In 1964, Dr. Martin Luther King Jr. predicted that America could elect a black president in 40 years or less. Implicit in King's prediction is that such an achievement would show that racism was no longer a serious problem in our country. Three years later, King said: "Because of prejudices and narrow-mindedness, Negroes have been held out of the political arena and certainly held out of the presidency. But I do think that the day will come in the not-too-distant future when the Negro vote itself will be powerful enough to be in a coalition with liberals and the white community and thereby elect a Negro president of the United States."
Today, after the election and reelection of the first black president, white liberals consider racism and discrimination a bigger problem than blacks do. Zach Goldberg, a doctoral candidate at Georgia State University, tracked the opinions of whites by their ideology — liberal, moderate or conservative. Goldberg found that in 1994, according to polling data by the General Social Survey, approximately 20% of "white liberals" disagreed with the following proposition: "Irish, Italian, Jewish and many other minorities overcame prejudice and worked their way up. Blacks should do the same without special favors." By 2016, the share of white liberals who disagreed increased to more than 45%. In fact, in 2016, white liberals were more likely to disagree than blacks were, at less than 35%. Apparently, white liberals consider racism and discrimination against blacks to be a bigger problem than even blacks do.
Two recent examples highlight the intolerance for anti-black "racism."
A Baltimore television news anchor lost her job over comments she made following a segment on the resignation of the mayor of Baltimore. After 15 years, WJZ fired Mary Bubala after she said on air: "We've had three female African American mayors in a row. They were all passionate public servants. Two resigned, though. Is this a signal that a different kind of leadership is needed to move Baltimore City forward?"
About Bubala's question, the Baltimore Association of Black Journalists said the comment "implies race and gender are qualifiers in one's ability to lead while also demonizing African-Americans and women as poor leaders." After the backlash, Bubala tweeted an apology, but it failed to save her job. In a statement, the station said: "Mary Bubala is no longer a WJZ-TV employee. The station apologizes to its viewers for her remarks."
Meanwhile, a writer lost her deal with a book publisher after the publisher accused her of racism. Jordanian-American writer Natasha Tynes, while traveling on a Washington, D.C., Metro train, noticed a Metro employee, a black female, sitting and eating. Tynes approached her and said that eating on the train violated Metro rules. The employee reportedly replied, "Worry about yourself." Tynes, however, tweeted: "When you're on your morning commute & see WMATA employee in UNIFORM eating on the train. I thought we were not allowed to eat on the train. This is unacceptable." She also posted a picture of the worker. But the worker broke no rules, according the Metro workers union. Two days earlier, Metro Transit officers had been ordered to cease issuing citations for certain infractions — including eating on the train — and therefore, said the union, the worker was doing no wrong.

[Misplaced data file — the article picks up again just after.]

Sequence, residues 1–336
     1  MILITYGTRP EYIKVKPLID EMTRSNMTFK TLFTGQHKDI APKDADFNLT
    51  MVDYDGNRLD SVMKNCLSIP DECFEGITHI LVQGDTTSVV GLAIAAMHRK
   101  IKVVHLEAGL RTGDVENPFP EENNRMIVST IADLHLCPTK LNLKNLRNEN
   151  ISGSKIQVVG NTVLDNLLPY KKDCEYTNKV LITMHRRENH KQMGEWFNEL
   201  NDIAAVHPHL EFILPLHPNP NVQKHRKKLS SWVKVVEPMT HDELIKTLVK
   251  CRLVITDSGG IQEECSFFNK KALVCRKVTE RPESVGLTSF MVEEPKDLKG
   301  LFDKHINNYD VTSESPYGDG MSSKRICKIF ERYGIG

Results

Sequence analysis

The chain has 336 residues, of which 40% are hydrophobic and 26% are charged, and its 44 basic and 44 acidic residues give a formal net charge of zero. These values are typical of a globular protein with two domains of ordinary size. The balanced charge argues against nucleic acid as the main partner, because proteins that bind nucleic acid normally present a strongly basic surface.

Tynes' tweet prompted angry threatening responses, which included calling her an "anti-black," "racist," "Trump-supporting b——." Her book publisher, Rare Bird, canceled her deal, saying: "Natasha Tynes ... did something truly horrible today in tweeting a picture of a metro worker eating her breakfast on the train this morning and drawing attention to her employer. Black women face a constant barrage of this kind of inappropriate behavior directed toward them and a constant policing of their bodies. We think this is unacceptable and have no desire to be involved with anyone who thinks it's acceptable to jeopardize a person's safety and employment in this way."
Put aside whether the punishment of the television anchor and the writer fit their "crimes." The point is how quickly and harshly Bubala and Tynes were dealt with in today's America. Then-President Barack Obama said that America's racism is "still part of our DNA." Contrast Obama's view with that of Martin Luther King Jr., who said: "I refuse to accept the view that mankind is so tragically bound to the starless midnight of racism and war that the bright daybreak of peace and brotherhood can never become a reality. ... I believe that unarmed truth and unconditional love will have the final word in reality." King's optimistic view is winning.
Two years after the first black president departed office, the 2020 Democratic candidates fall over themselves promising to combat "white privilege" and to address "systemic" or "institutional" or "structural" racism against blacks. Do these Democrats sincerely believe that anti-black racism in 2019 can stop any black person motivated to get an education and work hard? Apparently, until the whole country hold hands and sings in unison, politicians hustling for black votes will continue to call America "institutionally" racist. Nirvana is the new goal.
Larry Elder is a bestselling author and nationally syndicated radio talk show host. To find out more about Larry Elder, or become an "Elderado," visit www.LarryElder.com. Follow Larry on Twitter @LarryElder. To read features by other Creators Syndicate writers and cartoonists, visit the Creators Syndicate website at www.creators.com.